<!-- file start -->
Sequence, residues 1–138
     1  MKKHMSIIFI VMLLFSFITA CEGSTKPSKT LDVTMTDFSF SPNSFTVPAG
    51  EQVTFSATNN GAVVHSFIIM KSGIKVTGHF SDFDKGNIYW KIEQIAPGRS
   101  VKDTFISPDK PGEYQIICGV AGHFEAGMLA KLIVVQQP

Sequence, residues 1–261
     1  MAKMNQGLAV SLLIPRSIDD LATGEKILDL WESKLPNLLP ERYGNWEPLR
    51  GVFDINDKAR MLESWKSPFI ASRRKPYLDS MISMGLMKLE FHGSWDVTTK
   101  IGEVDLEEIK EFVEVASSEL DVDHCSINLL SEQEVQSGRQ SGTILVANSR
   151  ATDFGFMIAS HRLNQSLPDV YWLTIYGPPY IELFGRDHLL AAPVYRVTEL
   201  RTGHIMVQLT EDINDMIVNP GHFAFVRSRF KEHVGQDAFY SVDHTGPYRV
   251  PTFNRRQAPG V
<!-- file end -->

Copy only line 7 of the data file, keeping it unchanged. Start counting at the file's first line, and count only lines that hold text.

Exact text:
    51  GVFDINDKAR MLESWKSPFI ASRRKPYLDS MISMGLMKLE FHGSWDVTTK